1. Home environment
          I agree…but here is the sad part. Gone are the “Happy Days” of years ago, where moms were at home. Kids came home from school to at least one parent…TV and electronics were not prevalent….parents were “the boss” of what happened in their home, and knew their kids’ friends, where they were, sometimes had to initial homework, etc., etc., etc. There is a huge lack of guidance, purpose, and direction today…..some of it can’t be helped, but it IS up to parents to have boundaries, input, and love to go around….even if they have to work a lot. ….wish the Boys and Girls Clubs still existed.
          The other issue is that if kids cannot keep up with the minimum requirements for passing, then they need help, mentoring, and tutoring. I doubt there is enough of that to go around…then these kids fall through the cracks.

          1. Helping students help each other

            You wrote: "The other issue is that if kids cannot keep up with the minimum requirements for passing, then they need help, mentoring, and tutoring. I doubt there is enough of that to go around…then these kids fall through the cracks."

            I don't know if this would work for high school students, but a U.Cal Berkeley math prof. found that he could [more than] raise the grades of the black student by making the class and exam work so tough they had to study together. The Asian students studied together and quizzed each other; they did not study longer than black students. The project was more than successful. For all the talk about needing branch libraries [where students would not be able to talk/quiz, what about more study space at ETHS, EPL-Main [anyone who has been on the 3rd floor would know the Loft is not conducive to group or individual study and the tables outside the Loft are not much better], or other provisions. And maybe have teachers and locals, paid or unpaid if willing, at EPL/other to help with questions.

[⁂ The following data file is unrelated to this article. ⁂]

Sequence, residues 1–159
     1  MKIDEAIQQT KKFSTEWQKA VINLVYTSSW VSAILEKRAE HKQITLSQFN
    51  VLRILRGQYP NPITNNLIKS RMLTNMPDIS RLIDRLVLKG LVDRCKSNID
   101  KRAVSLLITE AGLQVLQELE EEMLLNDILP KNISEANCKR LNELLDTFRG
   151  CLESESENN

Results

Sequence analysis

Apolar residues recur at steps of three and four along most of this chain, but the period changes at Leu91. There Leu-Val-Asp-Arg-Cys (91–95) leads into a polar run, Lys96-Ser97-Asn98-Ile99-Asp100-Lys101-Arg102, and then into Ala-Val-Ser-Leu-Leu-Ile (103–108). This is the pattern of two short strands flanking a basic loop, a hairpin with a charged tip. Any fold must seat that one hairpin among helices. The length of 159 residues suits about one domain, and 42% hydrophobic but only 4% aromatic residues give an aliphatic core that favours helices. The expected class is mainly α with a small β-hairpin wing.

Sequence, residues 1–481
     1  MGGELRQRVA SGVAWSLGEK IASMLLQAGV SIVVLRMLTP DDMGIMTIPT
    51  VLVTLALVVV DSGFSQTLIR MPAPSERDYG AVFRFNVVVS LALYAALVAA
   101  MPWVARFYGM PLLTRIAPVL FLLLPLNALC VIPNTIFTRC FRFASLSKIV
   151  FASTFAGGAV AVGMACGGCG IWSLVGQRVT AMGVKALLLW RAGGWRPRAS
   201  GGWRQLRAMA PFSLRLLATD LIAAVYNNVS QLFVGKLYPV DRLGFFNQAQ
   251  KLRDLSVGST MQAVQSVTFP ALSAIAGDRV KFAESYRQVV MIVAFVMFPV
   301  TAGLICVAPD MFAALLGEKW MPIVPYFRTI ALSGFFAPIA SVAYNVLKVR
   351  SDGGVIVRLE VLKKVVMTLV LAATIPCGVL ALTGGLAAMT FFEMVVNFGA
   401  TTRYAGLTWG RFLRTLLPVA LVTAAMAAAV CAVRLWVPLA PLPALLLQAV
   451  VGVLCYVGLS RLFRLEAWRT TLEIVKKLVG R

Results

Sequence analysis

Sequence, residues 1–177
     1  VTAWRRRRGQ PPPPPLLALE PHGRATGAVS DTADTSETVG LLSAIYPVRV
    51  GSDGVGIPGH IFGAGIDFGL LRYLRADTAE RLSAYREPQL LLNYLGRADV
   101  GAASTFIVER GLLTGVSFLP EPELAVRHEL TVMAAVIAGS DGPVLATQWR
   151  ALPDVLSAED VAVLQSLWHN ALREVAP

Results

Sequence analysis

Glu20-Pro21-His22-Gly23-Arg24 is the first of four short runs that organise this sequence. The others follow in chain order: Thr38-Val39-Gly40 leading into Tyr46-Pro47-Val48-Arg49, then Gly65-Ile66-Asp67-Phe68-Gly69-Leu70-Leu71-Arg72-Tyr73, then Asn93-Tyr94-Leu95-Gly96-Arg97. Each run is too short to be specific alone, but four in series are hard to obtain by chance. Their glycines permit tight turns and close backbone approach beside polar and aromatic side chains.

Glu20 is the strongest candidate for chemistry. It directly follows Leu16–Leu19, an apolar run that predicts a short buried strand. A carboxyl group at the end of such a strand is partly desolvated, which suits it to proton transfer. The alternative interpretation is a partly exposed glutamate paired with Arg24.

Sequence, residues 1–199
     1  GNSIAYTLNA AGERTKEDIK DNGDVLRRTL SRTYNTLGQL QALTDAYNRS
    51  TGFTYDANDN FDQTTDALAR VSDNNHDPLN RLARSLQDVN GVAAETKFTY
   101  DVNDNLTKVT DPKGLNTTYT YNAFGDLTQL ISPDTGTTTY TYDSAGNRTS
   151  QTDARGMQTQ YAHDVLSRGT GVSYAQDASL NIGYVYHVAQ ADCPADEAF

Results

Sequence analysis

Since so many people think Robert Crown would be a good branch library, why not set aside space for studying [group or individual]—that might be a good test of the need/desire for a branch—maybe convert the Twig or a 'study only' [no books] center ? Speaking of branches, what happened with the branch that was on Simpson ? Its failure might give insight to what would be needed for a branch.

      2. Two examples of great teachers

        There are many great teachers but here are two examples.

        This CBS report is about a LA AP Calculus teacher—all his students passed.


        Of course Jaime Escalante is another great example [mathematics]—here one who taught students in what would be considered one of the toughest area.  His story was the subject of the movie "Stand and Deliver".  The sad thing is the school then thought they could "improve" on is methods [and probably type of teacher], he was forced out and the classes returned to their sub-par performance.


        Unfortunately little recognition, esp. in the press, is given to great teachers.   How many ETHS teachers have had stories about them in Evanston press ? [Given what you can see from their Web pages, they don't seem to help themselves get their story out.] We get a lot of stories about ETHS drama, music but not much about the sciences–prize winners, contests, research. [yes I did see the story about the observatory].

    3. Not sure what you’re saying here

      I'm not sure what you're saying, there seem to be verbs missing from several sentences. I attended the meeting (I'm the white-haired, blue-sleeved woman in the top photo) as a member of a community nonprofit (OPAL). I think people usually examine goals as a first step toward improving what isn't working, and not as much to look at what's working, because for that the goals are probably okay. You seem to be suggesting that some parents are only imagining that their kids aren't getting equitable treatment, when I'm pretty sure there's statistical evidence of an achievement gap, and maybe you're saying the gap is the fault of the struggling students and their parents, is that a fair summary? 

Leave a comment
The goal of our comment policy is to make the comments section a vibrant yet civil space. Treat each other with respect — even the people you disagree with. Whenever possible, provide links to credible documentary evidence to back up your factual claims.

Your email address will not be published.